Tim Wood

  1. 01. Rider’s Reunion.

    Ryan Guettler is currently in town and seeing as he hasn’t seen some of his old crew for a good 20 years we figured a rider’s reunion was in order. This past weekend a whole bunch of us old Brisbane crew got together for a BBQ, catch up and a ride down at Beenleigh bike park. Thanks to Ryan for making a video of the day…

  2. 02. Riders Comp 5 – 16th April 1995

    In my later years of High School I kept a journal. I don’t know why I kept one, but I thank my younger self for doing it. Amongst the usual teenage stuff you would expect to write about, I kept a pretty good account of what our crew did when we went riding.

    As it happens, 18 years ago today marks the anniversary of Riders Comp 5 held at Beenleigh Bike Park.

    The Riders Comp series was created by Colony BMX owner Clint Millar with the help of other riders, most notably Michael Canfield and Tim Wood. During the early to mid 1990’s, and at the lowest of the Australian Freestyle recession, this 7 part comp series was one of the essential local events keeping some kind of organised competition alive in Brisbane.

    Freestyle by then was well off the grid of corporate interest and very few bike stores supported these events or had the means to. Local competitions still played a major role and with limited resources, the comps were now at the hands of fellow riders.

    Riders Comp 5 had a strong turnout compared to the previous Riders Comps. Sydney’s Mike Daly, Dave Hendren and Tim Lynch arrived the day before the comp and Newcastle’s Josh Goudy along with two of his mates camped by the Flatland area over the weekend.

    Disciplines included Flatland, Street, Mini (the concrete bowl) and Vert with classes Beginner, Expert and Pro. Trophies and cash were awarded to the top three riders of each class. This was the second Riders Comp with enough funds to afford trophies. Previously all kinds of trophies were donated for the Riders Comp 1-3 – they were normally stripped of their original plaque and crudely engraved with a new one which often resembled a second grader’s handwriting. It was rider owned and rider run at its best and like everything back then you made do with what you had available to you. The cash prize was an accumulation of entry fees divided up and reimbursed to the place holders. You were lucky to see $20.00 if you placed top three and you won the lotto if you placed in more than one discipline.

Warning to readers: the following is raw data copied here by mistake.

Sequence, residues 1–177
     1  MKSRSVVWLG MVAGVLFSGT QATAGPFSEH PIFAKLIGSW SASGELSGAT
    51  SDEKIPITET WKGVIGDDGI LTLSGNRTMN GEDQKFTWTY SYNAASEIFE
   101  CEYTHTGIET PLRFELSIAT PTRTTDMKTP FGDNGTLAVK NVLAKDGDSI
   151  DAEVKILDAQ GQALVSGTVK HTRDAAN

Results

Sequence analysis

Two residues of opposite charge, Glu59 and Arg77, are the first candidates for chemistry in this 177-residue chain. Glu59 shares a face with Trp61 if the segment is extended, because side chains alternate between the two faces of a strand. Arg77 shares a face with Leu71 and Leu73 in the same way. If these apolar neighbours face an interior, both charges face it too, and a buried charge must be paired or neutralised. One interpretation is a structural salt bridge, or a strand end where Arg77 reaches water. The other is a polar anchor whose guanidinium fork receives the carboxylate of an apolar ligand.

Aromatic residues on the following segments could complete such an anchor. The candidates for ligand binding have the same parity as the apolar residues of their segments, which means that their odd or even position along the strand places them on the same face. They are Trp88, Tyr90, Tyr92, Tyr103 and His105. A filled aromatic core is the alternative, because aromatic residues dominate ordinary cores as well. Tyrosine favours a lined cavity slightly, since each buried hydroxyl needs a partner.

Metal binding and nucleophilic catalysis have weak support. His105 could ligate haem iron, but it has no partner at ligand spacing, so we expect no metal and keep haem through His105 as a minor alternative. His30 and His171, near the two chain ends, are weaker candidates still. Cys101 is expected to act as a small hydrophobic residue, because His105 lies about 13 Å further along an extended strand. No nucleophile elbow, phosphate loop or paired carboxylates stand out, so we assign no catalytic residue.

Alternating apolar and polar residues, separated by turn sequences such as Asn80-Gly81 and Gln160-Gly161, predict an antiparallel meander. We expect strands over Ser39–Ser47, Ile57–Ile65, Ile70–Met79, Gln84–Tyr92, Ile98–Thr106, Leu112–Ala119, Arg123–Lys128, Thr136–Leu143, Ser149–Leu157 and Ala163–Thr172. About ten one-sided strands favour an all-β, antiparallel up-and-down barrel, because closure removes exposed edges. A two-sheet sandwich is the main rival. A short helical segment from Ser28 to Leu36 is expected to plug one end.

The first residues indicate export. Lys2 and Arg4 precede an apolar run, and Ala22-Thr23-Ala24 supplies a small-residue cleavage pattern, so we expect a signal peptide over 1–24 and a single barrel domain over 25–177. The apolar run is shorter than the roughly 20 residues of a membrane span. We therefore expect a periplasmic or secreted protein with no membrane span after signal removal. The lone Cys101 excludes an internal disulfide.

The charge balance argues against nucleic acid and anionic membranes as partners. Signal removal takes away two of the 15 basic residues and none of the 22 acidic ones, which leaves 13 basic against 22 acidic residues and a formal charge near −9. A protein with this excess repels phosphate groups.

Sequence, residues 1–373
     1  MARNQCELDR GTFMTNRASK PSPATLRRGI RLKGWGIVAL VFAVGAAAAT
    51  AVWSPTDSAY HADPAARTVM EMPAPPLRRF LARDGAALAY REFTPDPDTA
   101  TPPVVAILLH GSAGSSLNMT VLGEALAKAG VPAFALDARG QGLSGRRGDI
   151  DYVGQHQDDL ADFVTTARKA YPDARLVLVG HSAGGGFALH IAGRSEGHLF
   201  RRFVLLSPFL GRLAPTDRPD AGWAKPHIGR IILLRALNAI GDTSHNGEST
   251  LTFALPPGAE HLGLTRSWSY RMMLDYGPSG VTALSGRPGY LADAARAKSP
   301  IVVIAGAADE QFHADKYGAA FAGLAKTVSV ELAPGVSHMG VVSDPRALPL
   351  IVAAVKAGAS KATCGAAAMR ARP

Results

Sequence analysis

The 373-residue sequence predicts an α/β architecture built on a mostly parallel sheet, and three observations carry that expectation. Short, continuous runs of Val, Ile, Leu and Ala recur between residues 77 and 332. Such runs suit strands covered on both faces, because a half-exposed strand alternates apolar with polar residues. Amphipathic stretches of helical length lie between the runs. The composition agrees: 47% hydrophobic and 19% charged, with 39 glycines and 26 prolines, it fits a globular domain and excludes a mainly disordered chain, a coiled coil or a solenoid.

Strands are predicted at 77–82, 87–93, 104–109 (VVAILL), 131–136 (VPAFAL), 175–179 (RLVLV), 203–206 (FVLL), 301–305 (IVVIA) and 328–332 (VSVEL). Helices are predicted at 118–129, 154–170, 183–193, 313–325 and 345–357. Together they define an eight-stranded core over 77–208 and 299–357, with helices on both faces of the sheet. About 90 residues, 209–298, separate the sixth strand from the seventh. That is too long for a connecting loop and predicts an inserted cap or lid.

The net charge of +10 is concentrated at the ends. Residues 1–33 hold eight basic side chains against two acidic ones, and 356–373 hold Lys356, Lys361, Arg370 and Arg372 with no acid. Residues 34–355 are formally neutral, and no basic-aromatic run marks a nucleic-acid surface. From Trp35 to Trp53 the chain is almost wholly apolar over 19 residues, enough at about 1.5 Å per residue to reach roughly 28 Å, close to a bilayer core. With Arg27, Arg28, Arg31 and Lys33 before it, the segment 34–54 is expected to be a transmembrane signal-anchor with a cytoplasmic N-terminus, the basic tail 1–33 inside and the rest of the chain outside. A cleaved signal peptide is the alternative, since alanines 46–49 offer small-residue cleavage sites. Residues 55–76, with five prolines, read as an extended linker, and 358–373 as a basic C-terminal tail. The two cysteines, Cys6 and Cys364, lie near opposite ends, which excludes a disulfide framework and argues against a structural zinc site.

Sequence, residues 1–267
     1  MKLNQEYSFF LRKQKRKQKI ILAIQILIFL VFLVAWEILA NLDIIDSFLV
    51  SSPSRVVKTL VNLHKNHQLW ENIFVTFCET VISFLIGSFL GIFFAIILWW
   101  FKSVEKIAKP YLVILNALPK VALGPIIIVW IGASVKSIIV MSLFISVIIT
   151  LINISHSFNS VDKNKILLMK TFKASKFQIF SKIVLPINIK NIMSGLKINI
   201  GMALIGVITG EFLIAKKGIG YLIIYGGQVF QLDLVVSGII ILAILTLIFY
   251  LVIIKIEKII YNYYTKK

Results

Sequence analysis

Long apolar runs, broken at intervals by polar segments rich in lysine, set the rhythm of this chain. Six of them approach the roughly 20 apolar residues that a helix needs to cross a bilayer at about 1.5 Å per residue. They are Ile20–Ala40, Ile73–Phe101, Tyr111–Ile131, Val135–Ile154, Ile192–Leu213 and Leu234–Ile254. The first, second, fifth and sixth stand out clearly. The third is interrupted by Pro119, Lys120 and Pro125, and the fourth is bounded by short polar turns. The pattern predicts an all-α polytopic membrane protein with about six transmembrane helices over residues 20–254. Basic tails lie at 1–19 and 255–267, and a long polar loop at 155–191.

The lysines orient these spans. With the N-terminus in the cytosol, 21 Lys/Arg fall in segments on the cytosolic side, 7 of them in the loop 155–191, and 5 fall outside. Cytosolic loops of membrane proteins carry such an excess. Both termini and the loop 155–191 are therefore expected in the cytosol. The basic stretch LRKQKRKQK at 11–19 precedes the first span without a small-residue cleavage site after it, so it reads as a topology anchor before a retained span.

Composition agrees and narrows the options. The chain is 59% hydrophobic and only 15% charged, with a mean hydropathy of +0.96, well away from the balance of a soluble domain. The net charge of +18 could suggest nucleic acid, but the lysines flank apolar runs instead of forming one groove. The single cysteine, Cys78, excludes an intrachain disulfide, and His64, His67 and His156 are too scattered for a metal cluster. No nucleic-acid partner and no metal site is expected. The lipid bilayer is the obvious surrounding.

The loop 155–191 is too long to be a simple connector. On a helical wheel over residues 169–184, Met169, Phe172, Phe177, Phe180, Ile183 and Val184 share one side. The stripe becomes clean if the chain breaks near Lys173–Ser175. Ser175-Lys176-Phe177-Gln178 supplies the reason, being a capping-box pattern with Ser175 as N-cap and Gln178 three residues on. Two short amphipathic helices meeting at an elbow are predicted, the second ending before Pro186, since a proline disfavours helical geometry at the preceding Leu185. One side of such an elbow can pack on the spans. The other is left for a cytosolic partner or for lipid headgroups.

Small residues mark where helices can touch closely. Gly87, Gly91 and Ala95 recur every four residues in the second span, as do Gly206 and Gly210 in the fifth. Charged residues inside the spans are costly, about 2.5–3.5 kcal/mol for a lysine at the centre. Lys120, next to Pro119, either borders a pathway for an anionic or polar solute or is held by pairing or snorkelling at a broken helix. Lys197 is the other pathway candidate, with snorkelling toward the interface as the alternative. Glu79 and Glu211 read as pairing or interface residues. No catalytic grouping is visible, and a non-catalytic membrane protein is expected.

At the end of the day the comps were a load of fun. It was just another excuse to ride your bike with your friends and hang out. More information will available about the Riders Comp series at the Unscene exhibit in late October and the Timeline coming in November 2013.

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    The ‘large’ turnout of riders and spectators look on during the Flatland comp.

     

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    Clint Millar filming Brad ‘BT’ MacDonald during his Mini run.

     

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    Brisbane Flatlander, Jim Gallichan. Dumptruck. Josh Goudy’s tent in the background.

     

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    Todd Neville airing out of the big bowl.

     

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    The remains of a Riders Comp 5 trophy.

  3. 03. Welcome to Unscene History

     

    Unscene History is dedicated to the documentation and preservation of the Brisbane Freestyle scene from 1985-1995. This website is a platform to promote current Unscene projects, including the timeline (to be released November 2013) and the exhibit Unscene: A History of Brisbane Freestyle (1985-1995) (coming 26 & 27 October, 2013). This news feed will keep you up to date with both projects over the coming months. There will also be regular features on some of Brisbane’s most iconic Freestylers, teams, crews, comps, and jams.

    Unscene came to fruition after I wanted to gain a better insight into the Freestyle era that I grew up in and around, as a means to document it. People’s memories fade, some riders have passed away, and with such a gap between riding now and 25-plus years ago, there is distortion between what people recognise as “old school” bmx and fact. Unscene History aims to ensure our the local scene is preserved accurately.

    Currently, over 40 hours of interviews have been logged from riders, bike shop and company owners. In addition, dated photographs, personal journals, magazines, zines and newspaper clippings, video, clothing and bikes are being archived. All of this information combined helps to create a clearer understanding of Freestyle in Brisbane and invariably how Brisbane had an impact on Freestyle.

    Between the archived information, the timeline, and the exhibit, Unscene aims to present an unbiased and honest look at local Brisbane Freestyle and present it to the general public.

    As the current timeline solely covers the span of a decade, future projects have been planned to further research both prior 1985 and after 1995 to extend on future preservation.

    Unscene History is proudly sponsored by Brisbane based bike company, Colony BMX

    Add Unscene to your RSS feed or keep checking back on a weekly basis for more news and info on the coming events.

    Ross D Lavender, Curator.

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    Tim Wood performing a Turndown at an early Wheels Entertainment show, 1992.


© 2014 Unscene History / Ross Lavender